me alone, departed to make their way to the
258 The Finding of Lot's Wife*
monastery, after giving me a portion of the dates
and of the water. When they were gone I, lead-
ing the camel, advanced to where the seven men
lay, and, by the favor of God, succeeded in pass-
ing through them without being seen. After
going a short distance down the path, I stopped,
for the darkness was like a wall before me, and
the 'daughters of the voice' mocked the sound
of my feet and, it seemed to me, even the beat-
ing of my heart. When daylight came I went
on, and God guiding my steps, I entered this
valley and found my lord."
" You have done what few men would have
dared to do. If I live, you shall not have cause
to complain of my ingratitude, O brave and
beautiful one ! " said Yorke, deeply touched by
the devoted girl's simple story. Ay^da said
nothing, but her sparkling eyes and smiling lips
showed her pleasure at hearing the artist's words.
" Will not El Jezzar, on discovering your
escape, follow you here ? " asked Yorke, after a
" No, my lord ; he is dead. As I left the camp
I heard the women of his tent raising the zulghut,
"But perhaps others of the tribe will follow
" No, my Lord ; it has been settled by the
mullah and the elders that as soon as the Franks
had been got rid of, the camp should be broken
Ayeda's Devotion^ 259
up, and the tribe return to the Great Desert.
The Beni Azaleh are doubtless now on their way
there. Moreover, why should they trouble them-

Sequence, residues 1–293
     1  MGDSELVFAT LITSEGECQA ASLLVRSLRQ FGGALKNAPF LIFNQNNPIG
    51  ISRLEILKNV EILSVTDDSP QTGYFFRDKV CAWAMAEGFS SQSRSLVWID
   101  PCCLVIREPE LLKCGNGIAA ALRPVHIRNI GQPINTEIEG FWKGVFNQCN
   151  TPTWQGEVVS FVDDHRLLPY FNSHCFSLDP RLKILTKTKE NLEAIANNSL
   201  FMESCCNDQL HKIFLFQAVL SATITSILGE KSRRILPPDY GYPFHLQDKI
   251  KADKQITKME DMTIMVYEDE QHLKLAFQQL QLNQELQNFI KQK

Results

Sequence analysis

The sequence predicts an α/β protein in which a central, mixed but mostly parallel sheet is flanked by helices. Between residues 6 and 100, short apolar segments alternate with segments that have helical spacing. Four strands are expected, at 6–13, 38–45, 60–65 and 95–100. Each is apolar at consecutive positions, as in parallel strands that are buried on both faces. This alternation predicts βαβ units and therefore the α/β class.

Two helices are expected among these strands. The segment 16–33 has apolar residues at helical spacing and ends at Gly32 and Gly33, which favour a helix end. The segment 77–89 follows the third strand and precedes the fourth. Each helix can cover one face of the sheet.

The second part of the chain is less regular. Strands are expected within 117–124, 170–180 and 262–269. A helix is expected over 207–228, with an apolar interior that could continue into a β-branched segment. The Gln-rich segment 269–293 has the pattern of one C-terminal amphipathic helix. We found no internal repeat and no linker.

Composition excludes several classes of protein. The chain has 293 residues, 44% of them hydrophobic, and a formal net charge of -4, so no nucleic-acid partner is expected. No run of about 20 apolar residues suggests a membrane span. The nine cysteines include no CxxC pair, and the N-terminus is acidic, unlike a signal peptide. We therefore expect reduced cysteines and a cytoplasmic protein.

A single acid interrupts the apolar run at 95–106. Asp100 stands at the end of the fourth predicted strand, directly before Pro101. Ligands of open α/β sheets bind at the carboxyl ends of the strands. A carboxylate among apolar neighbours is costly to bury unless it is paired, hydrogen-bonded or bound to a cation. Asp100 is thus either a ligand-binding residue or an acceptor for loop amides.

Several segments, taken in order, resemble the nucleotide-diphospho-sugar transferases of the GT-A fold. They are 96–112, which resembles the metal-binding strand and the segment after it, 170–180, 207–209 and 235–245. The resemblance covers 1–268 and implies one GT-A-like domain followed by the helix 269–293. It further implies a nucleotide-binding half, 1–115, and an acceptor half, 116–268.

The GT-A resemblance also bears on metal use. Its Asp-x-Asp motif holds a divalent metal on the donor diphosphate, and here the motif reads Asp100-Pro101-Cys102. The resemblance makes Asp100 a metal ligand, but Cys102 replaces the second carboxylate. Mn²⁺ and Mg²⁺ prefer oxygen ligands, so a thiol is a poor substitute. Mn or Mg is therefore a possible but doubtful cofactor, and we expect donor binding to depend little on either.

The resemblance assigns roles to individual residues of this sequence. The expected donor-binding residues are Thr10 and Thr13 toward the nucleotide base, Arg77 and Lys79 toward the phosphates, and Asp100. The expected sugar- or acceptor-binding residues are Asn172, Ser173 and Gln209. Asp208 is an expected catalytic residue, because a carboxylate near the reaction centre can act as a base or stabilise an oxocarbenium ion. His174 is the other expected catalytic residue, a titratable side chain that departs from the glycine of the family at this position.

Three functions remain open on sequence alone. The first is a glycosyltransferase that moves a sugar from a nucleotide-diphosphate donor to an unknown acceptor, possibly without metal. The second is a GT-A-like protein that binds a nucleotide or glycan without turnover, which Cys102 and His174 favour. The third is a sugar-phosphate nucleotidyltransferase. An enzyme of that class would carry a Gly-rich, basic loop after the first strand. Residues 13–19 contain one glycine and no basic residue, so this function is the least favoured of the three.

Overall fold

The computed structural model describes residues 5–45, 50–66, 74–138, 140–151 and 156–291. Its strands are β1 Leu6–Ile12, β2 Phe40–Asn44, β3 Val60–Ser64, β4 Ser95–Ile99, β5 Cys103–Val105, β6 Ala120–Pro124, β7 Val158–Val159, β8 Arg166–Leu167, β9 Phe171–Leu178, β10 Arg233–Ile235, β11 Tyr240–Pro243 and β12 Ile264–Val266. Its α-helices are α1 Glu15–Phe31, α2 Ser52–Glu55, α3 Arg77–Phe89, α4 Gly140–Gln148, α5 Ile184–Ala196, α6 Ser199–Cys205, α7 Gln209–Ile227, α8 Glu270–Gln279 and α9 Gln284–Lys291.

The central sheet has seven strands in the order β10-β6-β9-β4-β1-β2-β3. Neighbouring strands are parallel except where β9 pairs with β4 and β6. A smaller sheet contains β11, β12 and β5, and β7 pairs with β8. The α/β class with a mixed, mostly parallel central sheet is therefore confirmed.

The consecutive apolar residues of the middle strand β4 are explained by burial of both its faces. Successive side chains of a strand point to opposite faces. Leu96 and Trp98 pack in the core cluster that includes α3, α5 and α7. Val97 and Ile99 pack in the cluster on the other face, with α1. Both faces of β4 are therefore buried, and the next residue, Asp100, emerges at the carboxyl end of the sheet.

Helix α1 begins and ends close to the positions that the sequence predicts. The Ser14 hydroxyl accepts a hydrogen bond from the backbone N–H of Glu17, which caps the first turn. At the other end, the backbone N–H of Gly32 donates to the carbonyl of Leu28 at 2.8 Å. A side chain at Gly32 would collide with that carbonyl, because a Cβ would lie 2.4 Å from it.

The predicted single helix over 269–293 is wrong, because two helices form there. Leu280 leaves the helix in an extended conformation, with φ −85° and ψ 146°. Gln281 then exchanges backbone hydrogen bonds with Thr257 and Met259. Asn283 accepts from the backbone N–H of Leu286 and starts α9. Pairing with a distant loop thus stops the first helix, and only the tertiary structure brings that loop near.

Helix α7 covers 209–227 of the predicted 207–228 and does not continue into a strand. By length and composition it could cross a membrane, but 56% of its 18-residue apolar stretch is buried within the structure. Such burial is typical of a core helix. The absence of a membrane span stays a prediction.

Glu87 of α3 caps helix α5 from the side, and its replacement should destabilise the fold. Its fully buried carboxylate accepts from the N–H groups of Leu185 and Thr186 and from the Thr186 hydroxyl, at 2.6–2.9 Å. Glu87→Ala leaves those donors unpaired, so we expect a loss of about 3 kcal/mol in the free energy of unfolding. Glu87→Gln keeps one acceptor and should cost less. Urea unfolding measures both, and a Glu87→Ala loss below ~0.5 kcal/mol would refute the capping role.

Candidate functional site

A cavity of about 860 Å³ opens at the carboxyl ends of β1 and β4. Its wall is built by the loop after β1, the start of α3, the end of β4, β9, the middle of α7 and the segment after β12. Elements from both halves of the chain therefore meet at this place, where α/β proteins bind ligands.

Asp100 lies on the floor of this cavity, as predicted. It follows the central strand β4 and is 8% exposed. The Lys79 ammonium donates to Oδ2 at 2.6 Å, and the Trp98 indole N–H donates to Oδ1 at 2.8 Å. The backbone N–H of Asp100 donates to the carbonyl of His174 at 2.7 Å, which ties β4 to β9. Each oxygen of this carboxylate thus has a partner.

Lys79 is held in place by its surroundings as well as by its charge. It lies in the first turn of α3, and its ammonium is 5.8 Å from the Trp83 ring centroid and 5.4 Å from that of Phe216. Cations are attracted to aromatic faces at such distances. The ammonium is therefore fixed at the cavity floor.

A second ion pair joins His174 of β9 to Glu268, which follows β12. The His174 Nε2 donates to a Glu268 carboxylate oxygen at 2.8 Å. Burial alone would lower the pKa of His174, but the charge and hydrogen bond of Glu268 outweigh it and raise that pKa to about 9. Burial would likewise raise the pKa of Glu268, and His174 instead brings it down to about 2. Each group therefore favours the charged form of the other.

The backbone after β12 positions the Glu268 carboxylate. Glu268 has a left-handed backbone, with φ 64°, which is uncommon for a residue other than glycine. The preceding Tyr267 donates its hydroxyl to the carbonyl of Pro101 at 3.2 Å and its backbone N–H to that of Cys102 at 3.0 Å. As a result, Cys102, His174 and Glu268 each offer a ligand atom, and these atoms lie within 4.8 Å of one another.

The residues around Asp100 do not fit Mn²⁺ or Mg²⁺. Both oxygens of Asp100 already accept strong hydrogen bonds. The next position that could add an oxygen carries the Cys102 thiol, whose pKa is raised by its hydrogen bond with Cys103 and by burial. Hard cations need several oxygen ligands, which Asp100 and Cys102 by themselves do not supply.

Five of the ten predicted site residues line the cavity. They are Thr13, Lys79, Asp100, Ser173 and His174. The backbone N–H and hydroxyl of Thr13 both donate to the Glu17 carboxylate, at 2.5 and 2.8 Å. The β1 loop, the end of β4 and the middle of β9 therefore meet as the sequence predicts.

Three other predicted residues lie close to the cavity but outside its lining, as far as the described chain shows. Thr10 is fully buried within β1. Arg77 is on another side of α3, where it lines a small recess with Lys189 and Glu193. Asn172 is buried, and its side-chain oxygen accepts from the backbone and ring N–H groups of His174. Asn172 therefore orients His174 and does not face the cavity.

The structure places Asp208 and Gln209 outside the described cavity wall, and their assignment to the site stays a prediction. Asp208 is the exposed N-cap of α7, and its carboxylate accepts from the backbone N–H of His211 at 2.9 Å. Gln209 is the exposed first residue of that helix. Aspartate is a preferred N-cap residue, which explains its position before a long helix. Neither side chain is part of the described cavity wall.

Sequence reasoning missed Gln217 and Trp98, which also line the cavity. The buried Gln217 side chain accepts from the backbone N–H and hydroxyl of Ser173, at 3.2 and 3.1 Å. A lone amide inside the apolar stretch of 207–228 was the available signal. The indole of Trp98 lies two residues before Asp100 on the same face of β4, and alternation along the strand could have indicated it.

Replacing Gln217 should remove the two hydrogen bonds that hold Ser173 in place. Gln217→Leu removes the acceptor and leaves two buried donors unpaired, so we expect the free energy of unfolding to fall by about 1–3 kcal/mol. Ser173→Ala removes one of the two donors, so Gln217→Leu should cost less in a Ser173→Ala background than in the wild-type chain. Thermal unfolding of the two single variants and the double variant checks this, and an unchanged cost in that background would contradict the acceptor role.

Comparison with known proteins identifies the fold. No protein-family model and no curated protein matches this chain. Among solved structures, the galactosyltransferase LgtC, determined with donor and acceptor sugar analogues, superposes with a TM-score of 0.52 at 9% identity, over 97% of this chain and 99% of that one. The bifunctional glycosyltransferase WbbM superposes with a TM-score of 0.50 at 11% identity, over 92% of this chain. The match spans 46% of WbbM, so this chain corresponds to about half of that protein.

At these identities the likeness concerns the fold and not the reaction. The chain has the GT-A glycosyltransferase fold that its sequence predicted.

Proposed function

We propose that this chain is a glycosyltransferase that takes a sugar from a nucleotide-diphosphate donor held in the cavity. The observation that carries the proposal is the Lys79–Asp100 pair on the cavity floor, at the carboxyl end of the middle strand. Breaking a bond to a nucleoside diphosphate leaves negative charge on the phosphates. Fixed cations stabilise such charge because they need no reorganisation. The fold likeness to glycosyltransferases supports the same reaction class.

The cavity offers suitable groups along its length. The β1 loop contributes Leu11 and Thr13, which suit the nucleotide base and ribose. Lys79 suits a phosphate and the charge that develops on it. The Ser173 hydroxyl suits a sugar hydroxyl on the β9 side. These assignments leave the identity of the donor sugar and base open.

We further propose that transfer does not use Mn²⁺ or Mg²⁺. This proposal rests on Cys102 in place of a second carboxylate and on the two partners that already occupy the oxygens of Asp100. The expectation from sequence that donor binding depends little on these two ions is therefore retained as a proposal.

selves about a girl who has neither father nor
brothers, nor any other male kin left alive?"
added Ay^da, bitterly.
The girl's voice had been getting gradually
fainter, and she spoke the last words in a very
low tone. Yorke saw that she was standing in
an attitude of weariness, and that her beautiful
face was drawn and thin, making the great dark
eyes look unnaturally large.
" You have done more than what you had
strength for, Ay^da ! You look as if you can
scarcely stand, and half starved," he said, much
concerned at her appearance.
'' It is true, my lord, that I have had little to
eat or drink since I left the camp ; but my lord
forgets that we children of the desert are accus-
tomed to fatigue and hunger and thirst."
She did not tell him how the dragoman and
the cook, unable to restrain themselves, had con-
sumed the greater part of the slender supply of
dates and water which they had brought with
them, and how, since they had left her, she had
eaten and drunk scarcely sufficient of the share
they had given her to support life, fearing that it
might be wanted for the man she had come to
rescue from death.
'' Will it please my lord to mount the camel,
26o The Finding of Lot^s Wife*
and I will lead it and take you back to the mon-
astery, to be healed of your wound," she said.
" I cannot go without my friends, Ay^da."
'' My lord, to stay in this wadi another day,
wounded and weak as you are, will be your
''Then I must die, Ayeda. I cannot desert
" If my lord wills it, I will go in search of
" Help me up on the camel, Ayeda, and I will
" No, lord, you would fall off from weakness
ere you had gone a dozen paces. It is better I
should go. If I do not find them, I will return
at daybreak. My lord must stay here till I
So saying, Ay^da climbed on to the camel's
back, and rode off. After she had long disap-
peared from view, Yorke could hear her musical
cry, " Lul-lu-lu ! " in the far distance. Refreshed
by the water he had drunk, he sat wrapped in
his blanket, looking anxiously about him and
listening intently. But the exertion he had just
made began to tell on him ; red-hot pains began
to run through his wounded limb, and his fever
returned strongly. He grew worse every minute,